Cross-Cultural Differences in Informal Argumentation: Norms, Inductive Biases and Evidentiality

Karaslaan, Hatice
Hohenberger, Annette
Demir, Mehmet Hilmi
Hall, Simon
Oaksford, Mike
Cross-cultural differences in argumentation may be explained by the use of different norms of reasoning. However, some norms derive from, presumably universal, mathematical laws. This inconsistency can be resolved, by considering that some norms of argumentation, like Bayes theorem, are mathematical functions. Systematic variation in the inputs may produce culture-dependent inductive biases although the function remains invariant. This hypothesis was tested by fitting a Bayesian model to data on informal argumentation from Turkish and English cultures, which linguistically mark evidence quality differently. The experiment varied evidential marking and informant reliability in argumentative dialogues and revealed cross-cultural differences for both independent variables. The Bayesian model fitted the data from both cultures well but there were differences in the parameters consistent with culture-specific inductive biases. These findings are related to current controversies over the universality of the norms of reasoning and the role of normative theories in the psychology of reasoning.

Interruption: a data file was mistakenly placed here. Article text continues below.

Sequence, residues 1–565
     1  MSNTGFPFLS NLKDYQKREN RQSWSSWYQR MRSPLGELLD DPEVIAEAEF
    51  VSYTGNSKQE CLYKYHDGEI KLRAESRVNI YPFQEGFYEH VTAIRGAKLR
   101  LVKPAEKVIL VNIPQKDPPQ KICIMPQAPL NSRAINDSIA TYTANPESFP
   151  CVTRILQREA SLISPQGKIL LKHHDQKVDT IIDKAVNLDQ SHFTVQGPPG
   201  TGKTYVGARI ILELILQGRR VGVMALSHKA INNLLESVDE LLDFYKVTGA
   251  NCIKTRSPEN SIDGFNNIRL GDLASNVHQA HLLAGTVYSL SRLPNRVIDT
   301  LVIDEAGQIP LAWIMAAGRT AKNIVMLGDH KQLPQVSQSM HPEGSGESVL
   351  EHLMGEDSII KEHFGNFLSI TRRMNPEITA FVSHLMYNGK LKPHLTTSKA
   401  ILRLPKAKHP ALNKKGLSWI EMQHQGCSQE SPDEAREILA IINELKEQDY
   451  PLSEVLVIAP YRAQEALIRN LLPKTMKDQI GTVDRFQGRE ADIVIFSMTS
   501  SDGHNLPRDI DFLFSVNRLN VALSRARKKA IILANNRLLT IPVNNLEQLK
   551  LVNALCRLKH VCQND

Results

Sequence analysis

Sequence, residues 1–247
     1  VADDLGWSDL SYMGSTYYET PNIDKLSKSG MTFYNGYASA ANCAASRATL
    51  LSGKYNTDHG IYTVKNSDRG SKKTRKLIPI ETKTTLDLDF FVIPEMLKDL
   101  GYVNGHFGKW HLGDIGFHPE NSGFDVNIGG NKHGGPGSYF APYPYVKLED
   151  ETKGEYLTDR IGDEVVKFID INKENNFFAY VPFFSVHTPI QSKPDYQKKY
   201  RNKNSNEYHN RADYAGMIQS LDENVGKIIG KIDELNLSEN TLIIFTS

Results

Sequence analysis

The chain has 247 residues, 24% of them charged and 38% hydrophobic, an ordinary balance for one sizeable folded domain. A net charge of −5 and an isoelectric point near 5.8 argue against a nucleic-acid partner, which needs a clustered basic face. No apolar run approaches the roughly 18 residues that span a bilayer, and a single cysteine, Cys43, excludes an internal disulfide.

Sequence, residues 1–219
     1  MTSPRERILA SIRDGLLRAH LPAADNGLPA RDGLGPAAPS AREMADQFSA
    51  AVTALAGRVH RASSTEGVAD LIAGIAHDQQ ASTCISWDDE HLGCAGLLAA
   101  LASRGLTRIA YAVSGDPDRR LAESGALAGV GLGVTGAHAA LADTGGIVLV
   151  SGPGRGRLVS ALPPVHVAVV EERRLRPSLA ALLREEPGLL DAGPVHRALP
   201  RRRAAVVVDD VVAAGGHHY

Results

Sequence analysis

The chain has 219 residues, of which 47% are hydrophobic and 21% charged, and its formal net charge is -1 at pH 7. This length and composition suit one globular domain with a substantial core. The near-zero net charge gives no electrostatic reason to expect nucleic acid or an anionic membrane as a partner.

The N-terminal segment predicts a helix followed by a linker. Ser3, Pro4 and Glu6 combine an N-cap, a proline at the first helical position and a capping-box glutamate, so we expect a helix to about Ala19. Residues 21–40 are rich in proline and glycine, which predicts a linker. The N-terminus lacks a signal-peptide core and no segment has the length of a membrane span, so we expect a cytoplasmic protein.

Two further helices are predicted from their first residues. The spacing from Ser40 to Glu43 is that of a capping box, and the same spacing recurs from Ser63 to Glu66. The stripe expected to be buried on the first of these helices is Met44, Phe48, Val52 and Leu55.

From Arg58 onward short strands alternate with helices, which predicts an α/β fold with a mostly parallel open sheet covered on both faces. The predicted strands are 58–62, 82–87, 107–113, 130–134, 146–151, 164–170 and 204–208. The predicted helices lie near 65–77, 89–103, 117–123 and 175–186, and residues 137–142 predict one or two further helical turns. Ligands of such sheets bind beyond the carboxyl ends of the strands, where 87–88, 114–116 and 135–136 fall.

Journal of Cognition and Culture


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Citation Formats
H. Karaslaan, A. Hohenberger, M. H. Demir, S. Hall, and M. Oaksford, “Cross-Cultural Differences in Informal Argumentation: Norms, Inductive Biases and Evidentiality,” Journal of Cognition and Culture, pp. 358–389, 2018, Accessed: 00, 2020. [Online]. Available: